Our plan had been to spend about a month here and return to Rome around the end of April. However, when I arrived here from India and sorted through my mail, I found that I had been summoned for jury selection. I was told that it was a criminal trial involving a murder charge and that the trial could go on for 12 weeks. You can imagine my dismay at the thought of changing all our plans if I was chosen. My friends were full of advice as to how I might avoid being selected such as expressing bias or pretending I was hard of hearing. Being truthful by nature, I was not eager to make up a bias or invent a disability just to get out of it. Also, I actually believe that jury service is a civic duty and I would have been interested to see the courts in action if I was not living partly in Rome.

On the selection date, I made my way to the Superior Court of Justice to find that I was one of a pool of around 350 people. Half of us were in the juror’s lounge while the other half were actually in court. A closed circuit TV linked the two spaces so that we in the juror’s lounge could follow the proceedings. The case was introduced by the judge and the accused as well as their lawyers together with the prosecutors were presented. Since there were five people accused of murdering a fellow inmate in jail, the presentations themselves took a while. Once the pleas were heard (all the accused pleaded ‘Not Guilty’), the selection of the jury commenced. We each had a number and these numbers were randomly called to form a group of 25. This group of 25 was then presented to the court one by one and given a specific return date. Once your return date was set you could leave making more room in court for those in the lounge. After lunch, we all were in court and I found myself directly behind the box where the accused were sitting. I don’t believe I’ve ever been so close to a group of jail inmates ever before and it was a little disconcerting. They were sharply dressed and I noticed that one was wearing Armani spectacle frames when he turned his head. Any time a young attractive woman was called up and there was a sound of clicking heels, their heads swivelled around to take a good look. I guess there isn’t much opportunity for ogling women in prison! My group was the second last to be called so by now it was the end of day.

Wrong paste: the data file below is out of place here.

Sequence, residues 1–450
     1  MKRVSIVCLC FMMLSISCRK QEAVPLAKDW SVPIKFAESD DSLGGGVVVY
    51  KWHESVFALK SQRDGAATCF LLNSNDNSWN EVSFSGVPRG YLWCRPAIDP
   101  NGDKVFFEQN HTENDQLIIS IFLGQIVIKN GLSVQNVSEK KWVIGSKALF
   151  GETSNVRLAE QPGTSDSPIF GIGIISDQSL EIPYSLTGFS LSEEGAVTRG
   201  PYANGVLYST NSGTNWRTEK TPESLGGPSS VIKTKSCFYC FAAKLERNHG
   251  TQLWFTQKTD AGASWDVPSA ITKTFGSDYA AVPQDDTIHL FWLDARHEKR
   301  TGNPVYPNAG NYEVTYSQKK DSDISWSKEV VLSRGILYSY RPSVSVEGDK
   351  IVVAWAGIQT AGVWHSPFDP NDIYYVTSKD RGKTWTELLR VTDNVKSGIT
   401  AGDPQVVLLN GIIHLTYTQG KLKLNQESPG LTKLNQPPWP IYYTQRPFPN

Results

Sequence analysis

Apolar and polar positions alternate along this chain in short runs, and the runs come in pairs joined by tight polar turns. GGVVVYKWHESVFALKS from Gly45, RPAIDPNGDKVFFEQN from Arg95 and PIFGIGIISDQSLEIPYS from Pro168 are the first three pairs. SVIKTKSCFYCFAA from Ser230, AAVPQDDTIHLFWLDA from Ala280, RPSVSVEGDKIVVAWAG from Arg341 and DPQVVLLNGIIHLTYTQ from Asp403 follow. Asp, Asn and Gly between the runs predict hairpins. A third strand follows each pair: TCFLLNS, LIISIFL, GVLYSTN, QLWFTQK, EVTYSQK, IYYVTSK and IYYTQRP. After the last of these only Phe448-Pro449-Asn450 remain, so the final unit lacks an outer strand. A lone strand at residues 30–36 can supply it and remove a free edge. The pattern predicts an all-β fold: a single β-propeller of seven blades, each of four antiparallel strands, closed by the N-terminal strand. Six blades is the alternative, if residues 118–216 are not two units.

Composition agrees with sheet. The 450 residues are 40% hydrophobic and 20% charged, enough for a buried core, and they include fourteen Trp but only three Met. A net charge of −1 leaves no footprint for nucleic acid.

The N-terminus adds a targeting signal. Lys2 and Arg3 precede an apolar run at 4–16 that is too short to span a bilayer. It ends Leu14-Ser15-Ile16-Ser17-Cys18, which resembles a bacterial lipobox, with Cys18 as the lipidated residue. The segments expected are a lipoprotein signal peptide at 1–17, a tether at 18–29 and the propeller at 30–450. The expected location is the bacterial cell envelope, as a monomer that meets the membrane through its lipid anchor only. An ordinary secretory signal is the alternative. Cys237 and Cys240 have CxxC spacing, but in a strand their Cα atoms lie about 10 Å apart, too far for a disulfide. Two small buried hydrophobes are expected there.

On the return date, I was most relieved to find out that the jury had been selected from the groups before mine. To my good fortune, it was not a biblical selection where those who are last shall be first! However, we had to return on the day the trial started just in case one of the jurors was sick and they had to select another. We had to wait until the trial was underway and the first witness was called before we were declared exempt from jury duty. Now I’m exempt for the next three years and can book a ticket back to Rome which I’m very happy to do as the weather has not been pleasant here at all. Those little white specks you see at the bottom of this sculpture outside the courthouse is snow!